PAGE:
It’s easy to think of little children when you hear the word “crawl”, probably because all kids start off by crawling before learning to walk. Thinking of crawling as a form of exercise may not go down well with everyone, because you might be wondering how it benefits the body exactly, but according to Mayo Clinic physical therapist Danielle Johnson, crawling is an essential move for grown-ups too.
While many people think crawling is absurd, Danielle Johnson does it everyday, and other studies, hers inclusive, have shown that there are a lot of benefits to it. As a matter of fact, the fitness industry has been giving a lot of attention to crawling and it has been shown to be a rehabilitative, restorative, and even a performance-enhancing movement. To some others, it is one of the best training exercises to perform.
Below are two major benefits of crawling:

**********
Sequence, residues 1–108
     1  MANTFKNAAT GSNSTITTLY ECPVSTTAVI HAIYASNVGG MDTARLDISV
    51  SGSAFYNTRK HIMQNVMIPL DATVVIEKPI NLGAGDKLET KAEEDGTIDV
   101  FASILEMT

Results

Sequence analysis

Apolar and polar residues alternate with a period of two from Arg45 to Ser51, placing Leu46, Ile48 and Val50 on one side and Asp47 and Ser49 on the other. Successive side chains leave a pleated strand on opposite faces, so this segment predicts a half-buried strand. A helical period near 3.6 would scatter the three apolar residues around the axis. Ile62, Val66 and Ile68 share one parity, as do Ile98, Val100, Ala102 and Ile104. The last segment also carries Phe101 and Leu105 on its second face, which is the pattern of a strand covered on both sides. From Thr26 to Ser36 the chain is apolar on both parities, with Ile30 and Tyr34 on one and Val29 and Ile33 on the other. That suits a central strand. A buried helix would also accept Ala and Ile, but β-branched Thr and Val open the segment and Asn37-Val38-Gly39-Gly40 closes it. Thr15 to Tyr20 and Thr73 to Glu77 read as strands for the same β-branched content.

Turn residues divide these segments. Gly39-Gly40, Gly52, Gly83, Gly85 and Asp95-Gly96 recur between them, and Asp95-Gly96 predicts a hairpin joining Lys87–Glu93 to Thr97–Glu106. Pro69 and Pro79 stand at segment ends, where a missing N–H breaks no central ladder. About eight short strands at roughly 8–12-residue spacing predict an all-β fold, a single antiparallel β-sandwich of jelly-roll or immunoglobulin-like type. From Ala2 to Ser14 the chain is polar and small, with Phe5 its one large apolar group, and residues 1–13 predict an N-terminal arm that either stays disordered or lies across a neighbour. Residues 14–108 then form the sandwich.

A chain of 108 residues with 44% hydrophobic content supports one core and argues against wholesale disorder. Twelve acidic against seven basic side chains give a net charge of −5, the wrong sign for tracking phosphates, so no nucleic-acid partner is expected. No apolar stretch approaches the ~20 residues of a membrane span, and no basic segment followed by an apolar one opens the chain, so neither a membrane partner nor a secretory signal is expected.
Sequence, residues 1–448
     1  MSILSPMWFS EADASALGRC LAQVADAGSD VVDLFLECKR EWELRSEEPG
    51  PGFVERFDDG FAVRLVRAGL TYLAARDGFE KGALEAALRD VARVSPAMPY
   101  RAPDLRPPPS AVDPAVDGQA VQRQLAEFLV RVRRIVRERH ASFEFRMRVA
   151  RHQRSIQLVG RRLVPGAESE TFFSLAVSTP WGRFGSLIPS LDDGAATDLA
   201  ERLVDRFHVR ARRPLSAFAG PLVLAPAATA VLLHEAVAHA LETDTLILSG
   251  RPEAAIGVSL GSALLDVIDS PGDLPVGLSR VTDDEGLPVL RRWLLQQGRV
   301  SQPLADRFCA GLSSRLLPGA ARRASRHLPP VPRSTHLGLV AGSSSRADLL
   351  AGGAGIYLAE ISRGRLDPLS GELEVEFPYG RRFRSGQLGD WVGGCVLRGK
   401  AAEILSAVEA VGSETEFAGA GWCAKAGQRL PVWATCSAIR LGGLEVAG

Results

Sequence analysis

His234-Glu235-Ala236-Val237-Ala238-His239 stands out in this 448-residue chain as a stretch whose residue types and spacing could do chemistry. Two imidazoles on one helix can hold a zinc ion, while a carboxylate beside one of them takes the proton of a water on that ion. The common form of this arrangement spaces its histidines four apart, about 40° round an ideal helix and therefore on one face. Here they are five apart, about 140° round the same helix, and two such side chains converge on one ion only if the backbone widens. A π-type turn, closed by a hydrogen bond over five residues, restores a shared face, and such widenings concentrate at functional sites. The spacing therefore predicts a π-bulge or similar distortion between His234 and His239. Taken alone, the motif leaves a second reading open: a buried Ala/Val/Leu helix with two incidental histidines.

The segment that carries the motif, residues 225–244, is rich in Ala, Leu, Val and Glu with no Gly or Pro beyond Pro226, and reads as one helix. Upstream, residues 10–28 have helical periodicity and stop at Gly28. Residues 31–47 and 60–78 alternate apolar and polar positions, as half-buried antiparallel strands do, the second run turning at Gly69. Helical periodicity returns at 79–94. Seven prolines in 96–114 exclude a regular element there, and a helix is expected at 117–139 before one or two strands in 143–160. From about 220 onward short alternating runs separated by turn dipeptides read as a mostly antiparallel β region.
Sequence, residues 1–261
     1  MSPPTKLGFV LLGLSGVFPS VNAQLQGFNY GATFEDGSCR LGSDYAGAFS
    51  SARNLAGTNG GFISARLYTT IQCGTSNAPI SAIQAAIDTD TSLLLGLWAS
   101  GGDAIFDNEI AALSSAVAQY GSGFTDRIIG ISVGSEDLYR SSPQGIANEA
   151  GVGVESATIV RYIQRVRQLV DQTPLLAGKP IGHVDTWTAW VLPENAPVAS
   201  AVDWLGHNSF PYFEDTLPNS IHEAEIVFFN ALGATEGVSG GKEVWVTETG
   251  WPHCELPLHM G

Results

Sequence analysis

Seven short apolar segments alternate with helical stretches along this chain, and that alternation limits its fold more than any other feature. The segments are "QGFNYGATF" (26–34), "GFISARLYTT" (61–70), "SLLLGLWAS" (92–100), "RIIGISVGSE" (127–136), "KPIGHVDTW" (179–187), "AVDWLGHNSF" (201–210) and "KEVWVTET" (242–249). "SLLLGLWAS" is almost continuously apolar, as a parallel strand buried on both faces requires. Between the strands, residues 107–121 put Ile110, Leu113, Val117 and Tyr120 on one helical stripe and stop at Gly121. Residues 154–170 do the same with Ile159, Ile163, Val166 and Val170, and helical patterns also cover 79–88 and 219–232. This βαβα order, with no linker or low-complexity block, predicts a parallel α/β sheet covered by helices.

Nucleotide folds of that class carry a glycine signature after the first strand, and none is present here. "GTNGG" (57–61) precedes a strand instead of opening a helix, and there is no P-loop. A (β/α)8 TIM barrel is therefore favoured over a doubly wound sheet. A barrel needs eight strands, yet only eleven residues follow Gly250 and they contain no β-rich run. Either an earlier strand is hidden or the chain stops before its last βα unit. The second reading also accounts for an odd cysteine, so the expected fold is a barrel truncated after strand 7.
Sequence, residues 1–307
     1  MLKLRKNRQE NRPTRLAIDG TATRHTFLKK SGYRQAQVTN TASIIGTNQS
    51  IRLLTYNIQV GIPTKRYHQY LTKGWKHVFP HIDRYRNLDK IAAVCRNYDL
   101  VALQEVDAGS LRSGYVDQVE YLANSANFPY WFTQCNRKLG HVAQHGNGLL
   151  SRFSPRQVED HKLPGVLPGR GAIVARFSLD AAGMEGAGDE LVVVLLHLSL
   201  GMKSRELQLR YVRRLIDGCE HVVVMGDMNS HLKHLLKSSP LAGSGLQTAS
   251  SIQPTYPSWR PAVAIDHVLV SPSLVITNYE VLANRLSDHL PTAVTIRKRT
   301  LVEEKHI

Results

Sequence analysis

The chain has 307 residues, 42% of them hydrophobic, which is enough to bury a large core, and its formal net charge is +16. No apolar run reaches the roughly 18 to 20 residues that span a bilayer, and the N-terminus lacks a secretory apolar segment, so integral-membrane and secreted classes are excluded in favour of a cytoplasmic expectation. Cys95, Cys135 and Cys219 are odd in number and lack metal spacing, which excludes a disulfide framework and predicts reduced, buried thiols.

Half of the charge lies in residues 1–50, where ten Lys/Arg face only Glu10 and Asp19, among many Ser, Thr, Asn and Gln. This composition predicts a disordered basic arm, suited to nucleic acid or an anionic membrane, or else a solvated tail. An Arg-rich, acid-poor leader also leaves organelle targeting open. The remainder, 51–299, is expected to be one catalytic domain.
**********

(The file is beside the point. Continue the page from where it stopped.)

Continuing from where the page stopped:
It builds a foundation of reflexive strength
Your reflexive strength helps your body to anticipate movement before it happens or while it happens. This reflexive strength is the foundation of your strength; the original strength you were born to develop. Lacking reflexive strength can affect your mobility. To improve your reflexive strength, you have to work on strengthening the center of your body, where generated powerful forces intersect and cross over. The cross over of forces to other parts of the body won’t be possible without a solid center. Crawling is a great exercise that works on the center of the body to improve strength and mobility, and the more solid your center is, the greater your benefits.
Crawling tones all round
Crawling works on your major muscles, which includes the calves, quads, glutes, shoulder girdle, hip muscles, and deep abdominal muscles. As it engages these muscles, it gives you a full body workout and keeps you fit.
The interesting part about this exercise is that you don’t have to go to the gym or get a very quiet place to crawl. You can simply do it anywhere you think is fit. According to Danielle Johnson, there are multiple variations of crawling, and you don’t necessarily have to stick to the general one we all know. You can also crawl on your hands and toes, or even facing up, in a crab crawl. Whichever one one you choose, you will still get a full body workout.
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